Another company which is using blockchain technology to secure IoT devices is VeCap. Smart contracts are used to secure all internal communications within a home IoT system, and all data is stored on the blockchain to prevent hacking.

The need for securing the internet of things (IoT) becomes even more essential due to industrial and government applications. For example, the power company CenterPoint has 7 million customers and they have installed digital meters and internet connected sensors for a 5,000 square mile area around Houston, Texas. This allowed CenterPoint to restore power more rapidly than usual after Hurricane Harvey, but it is essential that this connected grid of devices is secured from hackers. Also, medical devices in hospitals, industrial robots, and self-driving cars use the IoT, and it could be life-threatening and costly if hackers compromised those systems.

AI and computing

Hewlett Packard has invested USD 4 billion into edge computing, which uses a combination of blockchain technology and artificial intelligence (AI) to strengthen industrial uses of IoT. For example, X-ray machines across the US download data to the blockchain every 10 minutes or so, ensuring the data and the devices are secure, and then the data is analyzed by AI to help identify diseases like tuberculosis and pneumonia. This combination of blockchain technology and IoT is being called swarm computing.

Perhaps the greatest endeavor which has combined blockchain technology with the internet of things (IoT) is IOTA, which has a cryptocurrency called MIOTA that has a market cap of nearly USD 1 billion and is ranked #18 on CoinMarketCap (at time of writing). IOTA’s developers foresee that global data pipelines will inevitably become congested, preventing IoT devices from communicating and storing all the data they produce. The IOTA network prevents that problem by funneling all of this IoT traffic into their blockchain, which has the additional effect of providing higher security and decentralizing the network, so centralized points of failure are eliminated.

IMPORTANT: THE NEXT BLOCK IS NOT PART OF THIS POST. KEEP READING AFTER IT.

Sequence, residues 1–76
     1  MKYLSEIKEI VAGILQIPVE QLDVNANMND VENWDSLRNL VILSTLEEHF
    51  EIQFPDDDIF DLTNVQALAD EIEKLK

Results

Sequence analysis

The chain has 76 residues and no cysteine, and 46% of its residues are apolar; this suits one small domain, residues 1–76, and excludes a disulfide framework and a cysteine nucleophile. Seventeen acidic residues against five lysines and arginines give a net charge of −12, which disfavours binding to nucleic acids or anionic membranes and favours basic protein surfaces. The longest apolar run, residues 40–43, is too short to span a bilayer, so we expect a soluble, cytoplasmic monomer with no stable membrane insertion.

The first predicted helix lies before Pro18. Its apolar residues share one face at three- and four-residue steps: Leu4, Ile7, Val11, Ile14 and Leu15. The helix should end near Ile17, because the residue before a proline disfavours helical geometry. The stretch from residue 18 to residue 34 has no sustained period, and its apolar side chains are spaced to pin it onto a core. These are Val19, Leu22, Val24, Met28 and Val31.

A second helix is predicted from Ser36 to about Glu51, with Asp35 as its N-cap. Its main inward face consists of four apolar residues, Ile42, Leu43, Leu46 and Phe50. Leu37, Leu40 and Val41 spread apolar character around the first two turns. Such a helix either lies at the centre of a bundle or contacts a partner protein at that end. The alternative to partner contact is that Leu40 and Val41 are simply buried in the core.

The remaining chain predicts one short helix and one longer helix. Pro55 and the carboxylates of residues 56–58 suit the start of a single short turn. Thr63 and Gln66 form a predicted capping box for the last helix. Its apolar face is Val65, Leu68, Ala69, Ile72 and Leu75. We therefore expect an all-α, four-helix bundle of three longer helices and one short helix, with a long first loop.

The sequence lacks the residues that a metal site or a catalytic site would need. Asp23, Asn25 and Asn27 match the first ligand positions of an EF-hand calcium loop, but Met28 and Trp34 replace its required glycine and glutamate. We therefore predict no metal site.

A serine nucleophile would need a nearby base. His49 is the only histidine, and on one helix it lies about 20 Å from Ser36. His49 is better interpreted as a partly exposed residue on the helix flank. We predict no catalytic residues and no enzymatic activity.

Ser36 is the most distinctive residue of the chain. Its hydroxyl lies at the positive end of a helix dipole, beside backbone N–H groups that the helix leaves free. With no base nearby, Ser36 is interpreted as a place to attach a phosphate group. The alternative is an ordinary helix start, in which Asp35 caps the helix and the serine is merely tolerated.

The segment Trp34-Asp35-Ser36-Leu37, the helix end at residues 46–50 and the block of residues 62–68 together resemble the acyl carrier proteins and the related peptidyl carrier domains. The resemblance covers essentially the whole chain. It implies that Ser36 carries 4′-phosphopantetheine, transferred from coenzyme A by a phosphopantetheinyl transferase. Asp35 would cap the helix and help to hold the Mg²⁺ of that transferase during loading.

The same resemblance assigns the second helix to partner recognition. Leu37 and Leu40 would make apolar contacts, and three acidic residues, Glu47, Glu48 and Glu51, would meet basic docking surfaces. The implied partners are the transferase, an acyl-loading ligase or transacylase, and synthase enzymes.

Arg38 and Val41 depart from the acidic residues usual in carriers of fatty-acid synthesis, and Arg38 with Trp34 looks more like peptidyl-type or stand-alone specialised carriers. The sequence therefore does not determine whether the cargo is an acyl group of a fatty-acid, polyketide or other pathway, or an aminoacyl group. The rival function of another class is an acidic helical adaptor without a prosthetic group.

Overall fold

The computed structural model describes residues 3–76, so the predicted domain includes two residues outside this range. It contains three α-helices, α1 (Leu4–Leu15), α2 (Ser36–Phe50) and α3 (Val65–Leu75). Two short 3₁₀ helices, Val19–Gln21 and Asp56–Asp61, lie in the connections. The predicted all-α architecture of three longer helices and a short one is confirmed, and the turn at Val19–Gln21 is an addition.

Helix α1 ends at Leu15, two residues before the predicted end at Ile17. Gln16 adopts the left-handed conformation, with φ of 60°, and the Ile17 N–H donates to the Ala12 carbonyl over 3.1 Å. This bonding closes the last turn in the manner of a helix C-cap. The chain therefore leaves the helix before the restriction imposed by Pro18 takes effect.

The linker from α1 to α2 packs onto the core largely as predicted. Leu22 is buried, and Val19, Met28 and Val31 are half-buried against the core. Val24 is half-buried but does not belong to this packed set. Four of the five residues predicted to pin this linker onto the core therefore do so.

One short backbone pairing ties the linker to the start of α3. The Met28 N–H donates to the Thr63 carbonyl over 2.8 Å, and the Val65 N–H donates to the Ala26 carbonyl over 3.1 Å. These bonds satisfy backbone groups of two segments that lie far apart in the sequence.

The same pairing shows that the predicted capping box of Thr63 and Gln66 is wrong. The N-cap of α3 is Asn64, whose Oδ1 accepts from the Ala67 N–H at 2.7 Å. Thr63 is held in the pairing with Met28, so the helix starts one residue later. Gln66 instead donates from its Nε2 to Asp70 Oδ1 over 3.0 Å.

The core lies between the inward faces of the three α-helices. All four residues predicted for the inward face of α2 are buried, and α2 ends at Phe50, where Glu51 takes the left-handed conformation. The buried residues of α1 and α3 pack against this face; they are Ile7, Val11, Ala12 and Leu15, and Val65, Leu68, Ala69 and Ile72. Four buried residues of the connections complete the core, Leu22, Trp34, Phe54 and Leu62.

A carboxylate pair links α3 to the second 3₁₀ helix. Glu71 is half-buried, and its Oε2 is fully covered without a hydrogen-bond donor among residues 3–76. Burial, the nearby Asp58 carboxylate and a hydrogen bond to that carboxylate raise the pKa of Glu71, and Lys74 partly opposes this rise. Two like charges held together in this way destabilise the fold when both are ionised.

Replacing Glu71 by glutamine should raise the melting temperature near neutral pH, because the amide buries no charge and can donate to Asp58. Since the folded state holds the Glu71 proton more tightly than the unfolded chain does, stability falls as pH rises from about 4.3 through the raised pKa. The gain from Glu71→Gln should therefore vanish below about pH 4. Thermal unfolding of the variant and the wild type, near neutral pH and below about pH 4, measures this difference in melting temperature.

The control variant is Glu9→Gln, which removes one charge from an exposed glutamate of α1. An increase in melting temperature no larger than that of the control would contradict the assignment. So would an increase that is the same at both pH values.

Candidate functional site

IOTA uses a unique variation of blockchain called Directed Acyclic Graph (DAG), and in the specific case of IOTA this DAG blockchain is nicknamed “The Tangle”. With a classical blockchain such as Bitcoin, all previous blockchain history is required in order to issue a new transaction. With DAG however, a node only needs two previous transactions in order to issue a new transaction. This makes IOTA fast and efficient while providing the same cryptographic security as a classical blockchain.

Aside from providing a medium which can handle the storage and communication of data for all IoT devices, IOTA also creates a new system where individuals and machines pay micro-transactions for exactly what bandwidth they consume and when they consume it instead of subscription models. Also, individuals maintain ownership over their data, and they can sell their data to make money, which has applications for the big data industry.

Thus, the proliferation of IoT, which has the potential to revolutionize the way people live, has encountered a roadblock due to security concerns. However, blockchain technology appears to be the solution, and companies and organizations like IOTA, Hewlett Packard, CyberTrust, and VeCap have already successfully integrated blockchain technology with IoT, which prevents hackers from accessing IoT devices.

This merger of blockchain technology and IoT is paving the way for a future where all the devices in the world are connected, leading to a more efficient life and a more efficient economy.